Golden Gate: data pump and hub nodes 3/42020-11-23
You got your database ready and your integrated extractor running. You need some data pump to move your data around. Your extractor will store the data in trails locally on the source node. This is to avoid unwanted network latency (and fails) to slow down your extraction process. A dedicated data pump process will take care to send those trails to a remote Golden Gate host and it will pay any latency and/or network failure.
This step is really simple and, unless you need some kind of transformation to take place on the data (but you should avoid do that on extractor and source node processes), the only special parameter you may need on a data pump process is:
The source node is not a good place where to split/duplicate and send your data to multiple destinations. This is because your source node main duty is to fetch data from the source database as fast and as reliable as possible and send it to the next node. Ensure you use COMPRESS (and ENCRYPT) on your RMHOST parameters to increase network performances and security for each data pump process.
The best place to split your data and send it around are on the hub nodes. A hub node is nothing more than a standard Golden Gate installation but with no connection to any database (usually). They require lower resources than source nodes unless you need dozen of data pump processes.
Those nodes are like train stations where the data is received, stored and copied/splitted around. On a hub node you may have multiple data pump processes reading from the same trails and send the data (all or a subset) to multiple destinations.
The hub nodes are useful in case you need a buffer too. Suppose you need to send the data over the internet. You will probably capture data faster than you can send it to your remote data center. You need a buffer to handle the unstable network performances. Your Manager process will take care to restart your data pump processes when the network fails and ensure the trails will not get deleted unless all of your data pumps were able to send the data to their destinations by using AUTOSTART and AUTORESTART parameters. Any issue on sending data to the destinations will not slow down your data capture on the source.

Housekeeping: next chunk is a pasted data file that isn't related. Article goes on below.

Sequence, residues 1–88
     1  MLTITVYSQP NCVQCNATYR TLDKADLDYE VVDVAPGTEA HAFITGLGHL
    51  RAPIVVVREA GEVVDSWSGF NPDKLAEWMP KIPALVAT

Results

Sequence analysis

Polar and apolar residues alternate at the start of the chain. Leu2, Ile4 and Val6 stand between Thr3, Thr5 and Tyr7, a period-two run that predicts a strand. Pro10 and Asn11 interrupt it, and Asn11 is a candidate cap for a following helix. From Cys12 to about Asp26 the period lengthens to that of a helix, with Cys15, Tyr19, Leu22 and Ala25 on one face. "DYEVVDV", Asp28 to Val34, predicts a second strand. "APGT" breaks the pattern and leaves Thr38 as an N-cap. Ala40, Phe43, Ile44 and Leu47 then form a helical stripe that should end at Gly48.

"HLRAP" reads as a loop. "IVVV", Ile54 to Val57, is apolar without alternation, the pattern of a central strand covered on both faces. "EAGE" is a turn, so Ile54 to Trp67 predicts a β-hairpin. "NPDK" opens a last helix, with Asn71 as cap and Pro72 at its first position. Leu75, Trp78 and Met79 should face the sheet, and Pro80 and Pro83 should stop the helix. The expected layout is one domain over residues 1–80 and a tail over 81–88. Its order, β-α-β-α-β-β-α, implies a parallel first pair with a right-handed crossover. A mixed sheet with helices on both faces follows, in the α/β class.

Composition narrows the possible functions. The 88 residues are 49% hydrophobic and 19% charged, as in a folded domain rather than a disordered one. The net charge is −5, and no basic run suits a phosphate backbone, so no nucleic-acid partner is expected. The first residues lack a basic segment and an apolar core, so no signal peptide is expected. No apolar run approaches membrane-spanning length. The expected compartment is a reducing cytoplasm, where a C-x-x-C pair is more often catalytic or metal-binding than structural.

But how many hubs? Well, you should have a hub node every time significant network jumps are required, so every time you move data from different datacenters and to/from the cloud or different cloud providers. A destination hub will help you continue to receive data even if your destination replicator node or destination target have issues. If you miss to have a receiver hub node, your sender hub node will be unable to send the data, effectively wasting time, and because usually the network between datacenters has lower performances, more time will be required for the replicator to catch up.